Safe Water Gardens are reliable, safe, and affordable sanitation systems for rural communities who may not otherwise have access to proper infrastructure for their wastewater, a source of pollution for local waterways and risk to community health.
As shown in the figure below, wastewater from a home’s toilet and shower flows into a closed tank. Nutrients from the wastewater (released underground in the SWG’s garden section (the leach field) are added to soil below, enabling families to grow plants and gardens.
Constructed using upcycled plastic water bottles that are filled with litter and soil, the systems are easy to install and can be built in a half day by the family, volunteers, and staff. They are also built to be maintenance-free. In addition to providing rural families with safe, clean, and hygienic environments, SWGs provide new opportunities for families to grow food, which reduces food costs and improve much needed food security. Furthermore, SWGs prevent untreated sewage and pollution from flowing into the sea, where it can cause harmful algal blooms and jeopardize marine ecosystems.
Educating Local Communities
Education is a fundamental part of installing these systems in the homes of rural families. The organizers of the program insist that the homeowners are present during the construction of the system and that they help with the installation. Each and every homeowner is informed exactly how the SWG works, that it is maintenance-free if used correctly, and that it is very easy to repair in case of incorrect use. At the end of the maintenance and instruction course, homeowners are asked to formally sign an MoU stating that they understand the ins and outs of the system.
University teams throughout the area are also involved in education. After explaining the key hardware instructions, university teams also further stress the Indonesian government’s COVID hygiene routines in terms of hand washing and water handling. After surveying the sites, talking with village elders and seeing what is feasible (it could be difficult, for instance, to require people to wash their hands with soap if they do not have access to running water), academic partners also determine if it is necessary to provide further hygiene programs in the correct venue for such a village setting – typically a series of lively “townhall” meetings where the community can learn about better hygiene practices.
“What I Iove about these projects is that we are able to deliver these deeply impactful, lifelong, lifechanging systems in just one day, and that the projects connect all the participants (villagers, sponsors, staff, government), making everyone understand our shared humanity; such a project makes us realise that we can make the world a better place and that it is a pleasure to do so. There’s nothing like witnessing, over Zoom, the faces of a local family when they open the tap and, for the first time in their lives, see running water coming out!” comments Dr. Mar van Loo, initiator and co-founder at Safe Water Gardens.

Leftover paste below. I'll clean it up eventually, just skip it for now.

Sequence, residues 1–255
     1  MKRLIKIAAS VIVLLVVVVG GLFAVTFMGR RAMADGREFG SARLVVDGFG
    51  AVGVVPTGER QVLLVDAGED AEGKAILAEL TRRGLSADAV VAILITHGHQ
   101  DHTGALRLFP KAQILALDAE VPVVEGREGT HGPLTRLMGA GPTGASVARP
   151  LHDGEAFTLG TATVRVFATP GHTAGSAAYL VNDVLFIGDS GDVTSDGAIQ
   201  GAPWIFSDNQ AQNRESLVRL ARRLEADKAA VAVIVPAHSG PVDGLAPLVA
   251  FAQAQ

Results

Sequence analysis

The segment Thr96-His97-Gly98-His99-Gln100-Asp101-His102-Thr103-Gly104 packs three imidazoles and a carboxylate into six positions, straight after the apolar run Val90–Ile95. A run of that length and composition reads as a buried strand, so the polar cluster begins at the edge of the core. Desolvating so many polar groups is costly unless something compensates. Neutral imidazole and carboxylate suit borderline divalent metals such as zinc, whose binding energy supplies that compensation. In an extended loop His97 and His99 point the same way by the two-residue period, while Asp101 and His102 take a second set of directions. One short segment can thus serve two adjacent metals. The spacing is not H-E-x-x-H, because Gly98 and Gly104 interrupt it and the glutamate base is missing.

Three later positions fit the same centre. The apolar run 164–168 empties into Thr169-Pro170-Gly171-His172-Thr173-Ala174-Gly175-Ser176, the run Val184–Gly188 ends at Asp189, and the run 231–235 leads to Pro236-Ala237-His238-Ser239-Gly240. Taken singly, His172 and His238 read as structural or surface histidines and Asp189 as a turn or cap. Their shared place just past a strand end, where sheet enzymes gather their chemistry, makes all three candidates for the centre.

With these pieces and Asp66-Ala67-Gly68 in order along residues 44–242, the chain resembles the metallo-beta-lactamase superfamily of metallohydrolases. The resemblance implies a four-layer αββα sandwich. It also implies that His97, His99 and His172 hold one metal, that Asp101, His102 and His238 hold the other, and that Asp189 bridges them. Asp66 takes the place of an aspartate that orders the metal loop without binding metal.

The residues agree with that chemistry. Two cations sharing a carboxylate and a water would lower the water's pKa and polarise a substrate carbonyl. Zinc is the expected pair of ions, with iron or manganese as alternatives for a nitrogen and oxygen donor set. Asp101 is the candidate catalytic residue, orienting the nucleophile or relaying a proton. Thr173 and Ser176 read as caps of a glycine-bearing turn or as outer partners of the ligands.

Support for This Important Infrastructure
SWGs were officially certified late 2019 by the Indonesian government which wants to see them built across the country. Companies and schools in Indonesia and other countries are donating funds and spreading the word. Because of the pandemic, people from other countries cannot, at this time, visit Indonesia to help in person. Fortunately, a very satisfying alternative scheme has been developed so that virtual visits are possible. These virtual visitors meet the families, learn about life in rural Indonesia, and the mechanisms and benefits of systems like SWGs, and construct the SWGs together with the local families over Zoom!
“LooLa’s Virtual Service Learning Journey offering came along just at the right time… Our students were extremely excited and jumped at the opportunity to engage, in real time, with family members from a small village island community in Indonesia, facilitated by the incredible staff from LooLa. Via a series of Zoom calls the students quickly came to understand the urgent needs the family were facing, with an already difficult situation made worse by Covid restrictions.
Following a fund-raising initiative, the students were able to observe in real time how key improvement measures, such as a water pump, water supply pipe, toilet, and LooLa’s trademark Safe Water Garden, were installed, bringing immediate relief to the family from their daily struggles. The ongoing long-term connection that we have now established between the family and our students via a WhatsApp group, to me could be the most powerful aspect to this fantastic service learning opportunity” says Michael Söldner, the Head of Experiential Education at St. Gilgen International School in Austria.
Volunteering and Giving Back
For those looking to donate or contribute to an impactful and life changing project for rural communities in the island nation of Indonesia, Safe Water Gardens provide an excellent opportunity to learn and act for the betterment of human health and ecosystem health through clean water.
The Safe Water Gardens website provides additional details about this project. You can also see the LooLa Adventure Resort Testimonials Page to hear visitors’ accounts of aiding their various programs, and contact email@example.com for details about virtual visits.